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Need to take immediate, targeted action, tackle climate change

On 17 April, Governor of Bank of England Mark Carney and Governor of Banque de France François Villeroy de Galhau issued an open letter, warning about the financial risks of climate change  Tweet This! and the need to take immediate, targeted action.

The impact of climate change and the transition to a low-carbon economy

In the letter, published by the Bank of England and co-signed by the chair of the climate-focused Network for Greening the Financial System (NGFS), Mr Carney and Mr Villeroy de Galhau talk about the “catastrophic effects of climate change” and the extreme weather events around the globe that impact infrastructure, health and productivity, and destroy wealth. These massive human and financial costs of climate change forced governments to take action and, in accordance with the Paris Agreement, governments globally committed to limiting global warming to 2 degrees Celsius, preferably as close to 1.5 degrees Celsius as possible.

Actions taken cooperatively by governments and countries worldwide, will enable a collective transition to a low-carbon economy. Accordingly, during the next decade, carbon emissions will have to be reduced by 45%, compared to 2010 levels. To achieve this goal, a huge reallocation of capital will be required and, as the two heads of the major central banks emphasise, “if some companies and industries fail to adjust to this new world, they will fail to exist”. This is why – also considering the climate-related financial risks involved – the NGFS, a coalition of 34 central banks representing five continents and half of global greenhouse gas emissions, was formed. The coalition released its first comprehensive report about climate-related financial risks, on 17 April.

What does the NGFS propose?

Seeking to translate commitments into real action, the coalition made four recommendations, setting, for all central banks, policymakers and the financial community, specific goals that will enable a smooth, orderly transition to a low-carbon economy:

  • Integrating the monitoring of climate-related financial risks into daily supervisory work, financial stability monitoring and board risk management: The report encourages supervisors to make sure, by setting suitable expectations, that financial firms are effectively addressing climate-related financial risks. For example, by carrying out scenario analysis to assess their strategic resilience to climate change policy. The report also encourages firms to take a long-term, strategic approach to considering these risks, and to integrate them into their governance and risk-management frameworks. In other words, make climate change planning a daily priority.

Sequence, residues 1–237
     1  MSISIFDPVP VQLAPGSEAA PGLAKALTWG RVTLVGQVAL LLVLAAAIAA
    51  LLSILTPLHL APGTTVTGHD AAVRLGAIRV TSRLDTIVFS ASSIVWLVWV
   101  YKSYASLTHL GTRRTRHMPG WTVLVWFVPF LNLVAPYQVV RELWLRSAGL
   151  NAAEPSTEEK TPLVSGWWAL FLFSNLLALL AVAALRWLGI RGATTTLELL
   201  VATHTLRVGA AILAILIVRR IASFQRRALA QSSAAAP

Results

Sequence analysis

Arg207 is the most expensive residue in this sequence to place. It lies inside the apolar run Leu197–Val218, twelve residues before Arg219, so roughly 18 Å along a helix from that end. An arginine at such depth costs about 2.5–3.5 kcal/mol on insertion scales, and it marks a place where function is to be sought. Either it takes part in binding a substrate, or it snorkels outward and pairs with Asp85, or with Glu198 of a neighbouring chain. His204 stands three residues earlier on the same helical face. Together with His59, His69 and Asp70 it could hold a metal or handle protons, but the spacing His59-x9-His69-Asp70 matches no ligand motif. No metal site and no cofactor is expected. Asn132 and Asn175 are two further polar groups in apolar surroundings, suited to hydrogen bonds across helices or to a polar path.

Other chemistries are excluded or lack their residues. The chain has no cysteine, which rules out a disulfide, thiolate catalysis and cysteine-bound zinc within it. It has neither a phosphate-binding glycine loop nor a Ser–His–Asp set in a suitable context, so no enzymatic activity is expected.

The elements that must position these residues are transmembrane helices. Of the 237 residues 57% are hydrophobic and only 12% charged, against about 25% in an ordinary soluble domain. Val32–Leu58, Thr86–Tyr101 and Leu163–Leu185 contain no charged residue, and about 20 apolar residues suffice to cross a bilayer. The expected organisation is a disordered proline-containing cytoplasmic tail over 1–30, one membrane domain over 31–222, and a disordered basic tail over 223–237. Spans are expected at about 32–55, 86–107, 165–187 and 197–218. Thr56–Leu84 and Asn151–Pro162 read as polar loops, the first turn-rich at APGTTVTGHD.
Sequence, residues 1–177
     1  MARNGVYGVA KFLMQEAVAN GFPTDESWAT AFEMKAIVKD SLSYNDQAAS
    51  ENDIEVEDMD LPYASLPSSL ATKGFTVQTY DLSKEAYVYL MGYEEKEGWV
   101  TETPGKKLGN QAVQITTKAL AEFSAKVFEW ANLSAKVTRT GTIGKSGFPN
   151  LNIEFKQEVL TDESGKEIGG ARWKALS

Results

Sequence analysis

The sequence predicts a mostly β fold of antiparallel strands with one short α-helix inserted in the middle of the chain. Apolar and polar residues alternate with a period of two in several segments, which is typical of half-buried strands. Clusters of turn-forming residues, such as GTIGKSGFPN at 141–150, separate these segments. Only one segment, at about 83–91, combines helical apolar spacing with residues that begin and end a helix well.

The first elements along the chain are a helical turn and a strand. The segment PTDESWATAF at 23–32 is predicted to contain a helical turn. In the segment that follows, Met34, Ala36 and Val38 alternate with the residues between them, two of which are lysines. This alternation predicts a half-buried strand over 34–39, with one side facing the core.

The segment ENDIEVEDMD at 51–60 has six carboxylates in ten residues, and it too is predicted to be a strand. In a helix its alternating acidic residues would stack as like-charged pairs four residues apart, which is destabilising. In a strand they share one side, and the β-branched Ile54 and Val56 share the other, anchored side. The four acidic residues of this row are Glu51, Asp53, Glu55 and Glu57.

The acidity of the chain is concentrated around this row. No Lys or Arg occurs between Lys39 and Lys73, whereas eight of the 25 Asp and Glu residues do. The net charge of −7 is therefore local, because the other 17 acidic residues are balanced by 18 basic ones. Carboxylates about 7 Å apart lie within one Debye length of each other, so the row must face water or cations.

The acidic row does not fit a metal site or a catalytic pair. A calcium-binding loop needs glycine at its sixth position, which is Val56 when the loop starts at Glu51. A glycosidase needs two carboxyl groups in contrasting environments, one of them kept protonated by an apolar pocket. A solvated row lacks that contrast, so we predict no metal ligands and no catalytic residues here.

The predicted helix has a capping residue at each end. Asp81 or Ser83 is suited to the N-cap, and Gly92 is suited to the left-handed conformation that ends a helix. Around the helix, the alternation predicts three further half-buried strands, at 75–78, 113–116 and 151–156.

• Leading by example: Central banks are encouraged to incorporate sustainability into their portfolio management, making their own operations more sustainable.
  • Cooperating to bridge data gaps: The report calls for increased cooperation within the financial sector, with different companies and bodies sharing and, if possible, making publicly available climate risk information, to strengthen the assessment of climate-related risks.
  • Building in-house capacity and sharing knowledge with other stakeholders on managing climate-related financial risks: To achieve the adequate consideration of climate risks across the financial system, both internal and external collaboration is necessary.

For these recommendations to succeed, two key conditions have to be met:

  • To adequately assess climate change risks and opportunities, the market and regulators will have to be supported by robust and internationally reliable disclosures.
  • Regulators should develop a suitable classification system to identify the economic activities that will contribute to the transition to a green, low-carbon economy. In this way, financial actors will be better able to make sustainable investment and lending decisions.

 

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References:

This article is based on published information by the Bank of England. For the sake of readability, we did not use brackets or ellipses. However, we made sure that the extra or missing words did not change the publication’s meaning. If you would like to quote these written sources from the original please revert to the following link:

https://www.bankofengland.co.uk/news/2019/april/open-letter-on-climate-related-financial-risks

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